Skip to content

Perimeter vs. Parameter — By Tommy Purser

It started in October, 2021. That’s when the March Term 2021 Jeff Davis County Grand Jury returned its presentments as required by law.
Whoever wrote those presentments, and I have no idea who it was, wrote that the Grand Jury members received orientation from the District Attorney “as to its civil and criminal responsibilities, as well as the perimeters of the Grand Jury’s authority.”
Let me write that again:
“…. the perimeters of the Grand Jury’s authority.”
Still didn’t get it?
“…. the PERIMETERS of the Grand Jury’s authority.”
Now, as I’ve said in this space before, I possess a Bachelor of Science Degree in Mathematics and I know well the definition of the word “perimeter.”
I also know well the definition of the word “parameter,” which is the correct word to be used in the above phrase.
Perimeter, as it was used in those Presentments in October, 2021, was the wrong word. It stuck out like a sore thumb when I read it.
But, I was taught early on in my journey as a journalist (pun intended) that legal advertisements should be published in the newspaper exactly, I mean EXACTLY, as they are submitted to us. So, the presentments being a legal advertisement, I left “perimeter” in the presentments.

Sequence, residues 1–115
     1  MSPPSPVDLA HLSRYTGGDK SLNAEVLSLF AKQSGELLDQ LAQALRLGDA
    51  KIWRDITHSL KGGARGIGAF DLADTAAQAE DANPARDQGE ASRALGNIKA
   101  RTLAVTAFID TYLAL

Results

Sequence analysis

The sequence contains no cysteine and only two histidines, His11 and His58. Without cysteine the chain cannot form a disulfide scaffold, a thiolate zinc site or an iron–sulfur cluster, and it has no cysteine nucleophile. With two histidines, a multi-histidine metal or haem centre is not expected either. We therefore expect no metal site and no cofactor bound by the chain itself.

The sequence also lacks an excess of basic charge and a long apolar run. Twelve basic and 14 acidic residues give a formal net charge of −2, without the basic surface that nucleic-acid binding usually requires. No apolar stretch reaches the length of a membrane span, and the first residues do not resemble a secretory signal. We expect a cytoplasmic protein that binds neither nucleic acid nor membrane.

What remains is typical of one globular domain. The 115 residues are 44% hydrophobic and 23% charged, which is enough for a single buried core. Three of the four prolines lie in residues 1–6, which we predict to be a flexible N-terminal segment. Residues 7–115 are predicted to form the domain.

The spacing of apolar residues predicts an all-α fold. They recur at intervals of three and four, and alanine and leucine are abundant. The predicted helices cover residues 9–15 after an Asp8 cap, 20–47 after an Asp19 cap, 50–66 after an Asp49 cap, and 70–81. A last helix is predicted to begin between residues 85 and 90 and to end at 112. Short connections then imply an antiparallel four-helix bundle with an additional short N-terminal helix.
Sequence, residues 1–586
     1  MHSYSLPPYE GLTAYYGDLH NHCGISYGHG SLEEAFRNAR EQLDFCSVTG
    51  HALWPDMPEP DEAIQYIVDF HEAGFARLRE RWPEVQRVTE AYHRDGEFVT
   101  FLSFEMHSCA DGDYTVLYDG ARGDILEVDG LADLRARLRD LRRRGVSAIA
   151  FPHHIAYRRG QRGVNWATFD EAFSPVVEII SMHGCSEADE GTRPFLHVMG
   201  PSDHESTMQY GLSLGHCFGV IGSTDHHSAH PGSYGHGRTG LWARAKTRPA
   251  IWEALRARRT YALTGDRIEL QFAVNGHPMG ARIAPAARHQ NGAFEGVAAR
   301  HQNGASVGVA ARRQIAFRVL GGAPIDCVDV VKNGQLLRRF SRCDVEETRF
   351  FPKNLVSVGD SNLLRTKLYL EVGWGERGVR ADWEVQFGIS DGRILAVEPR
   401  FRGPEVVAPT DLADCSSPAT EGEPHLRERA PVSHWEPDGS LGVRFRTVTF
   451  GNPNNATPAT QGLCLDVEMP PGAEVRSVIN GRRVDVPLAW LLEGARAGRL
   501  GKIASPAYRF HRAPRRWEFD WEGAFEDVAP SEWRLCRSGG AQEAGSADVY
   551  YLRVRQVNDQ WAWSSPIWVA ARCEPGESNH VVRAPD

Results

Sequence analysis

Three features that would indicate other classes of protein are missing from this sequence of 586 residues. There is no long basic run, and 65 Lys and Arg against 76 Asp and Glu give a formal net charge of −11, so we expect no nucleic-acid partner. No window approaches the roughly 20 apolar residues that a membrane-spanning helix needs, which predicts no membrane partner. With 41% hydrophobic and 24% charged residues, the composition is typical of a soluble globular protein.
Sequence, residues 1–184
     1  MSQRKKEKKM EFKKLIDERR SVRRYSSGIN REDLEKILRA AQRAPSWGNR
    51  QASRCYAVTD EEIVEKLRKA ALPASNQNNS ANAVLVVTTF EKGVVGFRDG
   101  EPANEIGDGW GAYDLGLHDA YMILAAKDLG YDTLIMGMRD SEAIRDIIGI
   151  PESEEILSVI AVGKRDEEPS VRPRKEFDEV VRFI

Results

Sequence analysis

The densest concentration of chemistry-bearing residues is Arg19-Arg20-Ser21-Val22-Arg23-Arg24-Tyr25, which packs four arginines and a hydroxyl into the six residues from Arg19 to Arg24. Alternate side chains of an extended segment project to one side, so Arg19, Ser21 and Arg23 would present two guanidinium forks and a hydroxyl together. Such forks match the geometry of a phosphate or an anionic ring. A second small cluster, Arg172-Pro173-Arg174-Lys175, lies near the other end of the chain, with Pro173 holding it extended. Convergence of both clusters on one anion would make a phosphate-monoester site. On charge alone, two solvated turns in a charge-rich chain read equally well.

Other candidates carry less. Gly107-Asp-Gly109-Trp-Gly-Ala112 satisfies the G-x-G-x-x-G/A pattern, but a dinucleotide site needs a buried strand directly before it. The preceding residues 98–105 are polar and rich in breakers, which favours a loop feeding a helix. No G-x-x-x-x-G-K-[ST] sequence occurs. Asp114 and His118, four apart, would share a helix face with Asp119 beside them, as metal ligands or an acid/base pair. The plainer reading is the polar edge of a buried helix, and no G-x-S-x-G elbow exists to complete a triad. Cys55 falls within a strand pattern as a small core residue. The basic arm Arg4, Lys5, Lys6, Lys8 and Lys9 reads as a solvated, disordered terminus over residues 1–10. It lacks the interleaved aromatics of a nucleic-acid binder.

About six months later, the September, 2021, Grand Jury presented its presentments (again, pun intended) to me and, again, the District Attorney explained “the perimeters of the Grand Jury’s Authority.”
Again, I printed the Presentments as presented to me.
Another six months rolled by and the March, 2022, Grand Jury presented its presentments to me and, once again, the DA explained the “perimeters” of the jury’s authority.
You get my drift here.
This week, the first week of March, 2024, I received the September 2023 Grand Jury Presentments and, still, not one of the dozens and dozens of grand jurors who have served over the years has caught the error.
ATTENTION CURRENT GRAND JURORS AND GRAND JURORS OF THE FUTURE:
The definition of perimeter is the continuous line forming the boundary of a closed geometric figure, “the perimeter of a triangle.
The definition of parameter is a limit or boundary that defines the scope of a particular process or activity.
In other words, parameter defines the limit or scope of the grand jury’s authority.
I’m not even sure that’s right. It seems parameters — plural — would be more appropriate. But I’m not going there.

Leave a Comment